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Living the Gospel of Life -- Study Guide

Paragraph Eighteen


Understanding "Separation of Church and State"

The phrase "separation of church and state" is found nowhere in the Constitution. It was originally used in a personal letter of Thomas Jefferson, and was not employed by the Supreme Court until the mid-twentieth century.

We need to get a handle on what this phrase means and what some people try to make it mean. Of course there is a division of labor, which is very legitimate, between Church and State. The Church does not have a standing army. The Church does not deliver the mail. The Church cannot say that there are 51 states instead of 50. At the same time the State does not administer the Sacraments or lead people in Sunday worship or determine where pastors are assigned. The State cannot say that there are eight sacraments instead of seven. There is a certain legitimate autonomy, then, that we all acknowledge and accept and can live with.

The problem is that people forget the third element of the equation. Because in our lives, in our world, in our nation there is the Church, there is the State, and then there is morality, which overlaps the concerns of both the Church and the State.

Our Founding Fathers understood that the great experiment of self-governance on which they were embarking would never succeed if God were separated from the State or if the State were separated from morality. They knew better.

The First Amendment to the Constitution is sometimes used to defend "separation of Church and State." But the amendment says nothing about that. What it does say is that "Congress shall make no law respecting an establishment of religion…" When the Federal government was established, all but one of the states had established religions. The decision of our Founding Fathers was that the federal government would not establish any religion itself, but rather leave that decision to the people and the individual states. This has nothing to do with a separation between government and God or between religion and public life. It had everything to do with the proper role of the federal government versus the states.

The very same Congress that crafted the First Amendment passed what was called the Northwest Ordinance.

This ordinance, which was signed by our first president George Washington, set up some of the criteria that had to be followed by new states and territories. Among its provisions was the following: "Religion, morality, and knowledge being necessary to good government and the happiness of mankind, schools and the means of education shall forever be encouraged." In other words, we have to encourage schools because our children have to be imbued with knowledge, morality and religion. It is impossible that, having declared this ordinance, the same body of lawmakers would have intended in the First Amendment to separate religion and morality from government and public life.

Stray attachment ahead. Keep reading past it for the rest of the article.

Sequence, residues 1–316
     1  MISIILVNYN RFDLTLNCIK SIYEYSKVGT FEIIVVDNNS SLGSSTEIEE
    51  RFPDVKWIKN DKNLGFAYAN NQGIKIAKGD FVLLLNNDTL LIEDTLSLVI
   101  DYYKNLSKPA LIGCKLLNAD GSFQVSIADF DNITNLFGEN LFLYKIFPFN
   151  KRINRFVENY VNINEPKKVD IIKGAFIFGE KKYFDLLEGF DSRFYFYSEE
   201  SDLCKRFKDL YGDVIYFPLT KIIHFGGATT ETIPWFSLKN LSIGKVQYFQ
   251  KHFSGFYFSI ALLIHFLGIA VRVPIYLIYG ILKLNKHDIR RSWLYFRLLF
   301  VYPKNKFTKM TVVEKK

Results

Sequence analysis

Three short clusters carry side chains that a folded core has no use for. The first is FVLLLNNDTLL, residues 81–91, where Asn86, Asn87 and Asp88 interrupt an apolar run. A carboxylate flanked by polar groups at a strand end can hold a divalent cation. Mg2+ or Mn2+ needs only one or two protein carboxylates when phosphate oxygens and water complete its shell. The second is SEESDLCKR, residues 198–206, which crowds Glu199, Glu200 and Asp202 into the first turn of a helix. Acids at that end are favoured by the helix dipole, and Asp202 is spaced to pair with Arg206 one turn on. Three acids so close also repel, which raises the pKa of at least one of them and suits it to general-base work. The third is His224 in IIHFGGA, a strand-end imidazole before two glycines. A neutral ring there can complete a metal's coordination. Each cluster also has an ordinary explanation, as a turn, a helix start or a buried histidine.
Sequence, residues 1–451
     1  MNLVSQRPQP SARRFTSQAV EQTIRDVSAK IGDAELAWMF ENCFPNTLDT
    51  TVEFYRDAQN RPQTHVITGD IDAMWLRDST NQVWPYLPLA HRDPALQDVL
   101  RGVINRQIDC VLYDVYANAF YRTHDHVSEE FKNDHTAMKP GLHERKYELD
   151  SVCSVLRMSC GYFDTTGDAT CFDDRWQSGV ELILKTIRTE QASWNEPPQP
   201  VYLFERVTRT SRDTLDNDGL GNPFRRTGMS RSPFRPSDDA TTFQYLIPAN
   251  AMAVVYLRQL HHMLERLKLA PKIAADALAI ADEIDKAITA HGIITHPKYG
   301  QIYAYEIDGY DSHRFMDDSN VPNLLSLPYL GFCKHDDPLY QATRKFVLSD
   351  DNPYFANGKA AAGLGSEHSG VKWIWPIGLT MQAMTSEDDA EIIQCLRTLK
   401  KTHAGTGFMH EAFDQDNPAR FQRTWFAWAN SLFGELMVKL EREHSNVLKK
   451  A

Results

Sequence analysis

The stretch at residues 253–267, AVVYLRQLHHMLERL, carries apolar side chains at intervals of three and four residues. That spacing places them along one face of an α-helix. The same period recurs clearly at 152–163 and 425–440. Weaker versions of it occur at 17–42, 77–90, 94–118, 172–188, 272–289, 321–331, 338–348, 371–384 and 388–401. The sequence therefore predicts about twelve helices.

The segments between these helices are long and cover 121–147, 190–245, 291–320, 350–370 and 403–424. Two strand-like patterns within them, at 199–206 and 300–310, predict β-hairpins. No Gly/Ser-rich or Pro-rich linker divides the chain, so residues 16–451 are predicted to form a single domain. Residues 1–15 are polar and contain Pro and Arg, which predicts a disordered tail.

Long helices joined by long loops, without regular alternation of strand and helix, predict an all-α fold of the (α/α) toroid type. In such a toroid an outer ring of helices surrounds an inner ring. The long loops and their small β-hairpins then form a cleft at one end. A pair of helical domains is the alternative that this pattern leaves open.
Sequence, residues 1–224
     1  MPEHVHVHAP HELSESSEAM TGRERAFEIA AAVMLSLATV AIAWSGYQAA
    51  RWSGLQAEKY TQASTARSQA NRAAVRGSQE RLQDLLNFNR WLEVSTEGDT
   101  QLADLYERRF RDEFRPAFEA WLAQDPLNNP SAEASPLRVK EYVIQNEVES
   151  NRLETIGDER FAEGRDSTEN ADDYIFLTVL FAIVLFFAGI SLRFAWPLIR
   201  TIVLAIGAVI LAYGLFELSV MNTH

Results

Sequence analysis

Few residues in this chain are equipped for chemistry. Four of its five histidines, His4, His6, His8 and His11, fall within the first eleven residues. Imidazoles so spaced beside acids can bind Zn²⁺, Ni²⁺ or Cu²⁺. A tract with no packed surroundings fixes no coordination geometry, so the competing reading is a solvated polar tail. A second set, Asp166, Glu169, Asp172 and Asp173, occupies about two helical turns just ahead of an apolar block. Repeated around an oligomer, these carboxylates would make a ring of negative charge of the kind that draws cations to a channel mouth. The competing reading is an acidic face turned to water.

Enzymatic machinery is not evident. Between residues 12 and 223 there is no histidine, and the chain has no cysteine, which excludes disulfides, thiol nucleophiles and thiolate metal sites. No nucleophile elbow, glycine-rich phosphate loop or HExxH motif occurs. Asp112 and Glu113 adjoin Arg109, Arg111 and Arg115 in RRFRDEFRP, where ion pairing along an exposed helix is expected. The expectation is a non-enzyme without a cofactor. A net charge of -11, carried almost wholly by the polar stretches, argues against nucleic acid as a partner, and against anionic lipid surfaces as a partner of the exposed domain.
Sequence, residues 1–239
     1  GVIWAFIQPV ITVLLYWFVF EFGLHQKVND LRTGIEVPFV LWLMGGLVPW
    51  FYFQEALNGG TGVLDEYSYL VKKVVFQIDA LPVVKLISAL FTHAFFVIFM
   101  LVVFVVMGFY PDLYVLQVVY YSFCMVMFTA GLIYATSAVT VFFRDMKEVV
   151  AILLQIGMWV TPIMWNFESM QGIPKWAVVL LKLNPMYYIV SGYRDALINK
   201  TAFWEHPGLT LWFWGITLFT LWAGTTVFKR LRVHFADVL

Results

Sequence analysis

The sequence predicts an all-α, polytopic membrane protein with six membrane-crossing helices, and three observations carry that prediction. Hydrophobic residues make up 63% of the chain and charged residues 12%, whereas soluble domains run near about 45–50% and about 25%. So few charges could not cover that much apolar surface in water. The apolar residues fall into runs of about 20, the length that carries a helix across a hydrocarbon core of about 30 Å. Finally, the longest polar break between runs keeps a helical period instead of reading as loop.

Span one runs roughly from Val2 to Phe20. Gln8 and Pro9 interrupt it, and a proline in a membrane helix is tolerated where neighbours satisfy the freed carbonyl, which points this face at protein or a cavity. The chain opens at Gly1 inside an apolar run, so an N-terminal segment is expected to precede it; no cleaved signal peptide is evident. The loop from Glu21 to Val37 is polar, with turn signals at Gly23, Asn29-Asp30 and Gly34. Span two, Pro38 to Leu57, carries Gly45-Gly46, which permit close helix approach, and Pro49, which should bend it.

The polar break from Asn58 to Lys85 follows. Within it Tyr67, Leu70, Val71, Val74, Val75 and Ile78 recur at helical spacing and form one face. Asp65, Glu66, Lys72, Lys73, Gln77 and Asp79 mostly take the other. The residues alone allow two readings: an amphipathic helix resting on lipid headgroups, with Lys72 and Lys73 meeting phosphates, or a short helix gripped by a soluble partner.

Pastors or politicians?

This paragraph of Living the Gospel of Life also mentions the Church's right and duty to comment upon political matters. There is a difference between such commentary and partisan politics. The Church is always free to speak about the issues of the day, even when those issues are being debated by political parties and candidates. The Church can also comment upon the duties of government and the actions of specific political leaders.

But it becomes clear that the Church's message is not partisan as such when we reflect on the fact that if tomorrow each candidate and party swapped positions with their opponents, the Church would not need to change a single word of its message. The Church does not endorse candidates or merge with political parties. The Church, like her Lord, bears witness to a Kingdom that precedes all human governments and institutions, and will outlast them all. While political platforms change, the message of the Gospel does not change. At particular times, that Gospel message may, in effect, present more of a challenge to one candidate or party than another. But the preaching of that message nevertheless cannot be reduced to or categorized as a partisan statement. A statement of Gospel truth may indeed have political implications, but it is no less for that reason a statement of Gospel truth which preachers of the Gospel must in fact preach.

Discussion Questions

How are the Church and State independent of each other?

What are the common misunderstandings of the phrase "Separation of Church and State?"

Further Reading

Click here to read the papers, or listen to the talks, of the Legal Symposium "The Church and Politics: Are we as Restricted as we Think?"

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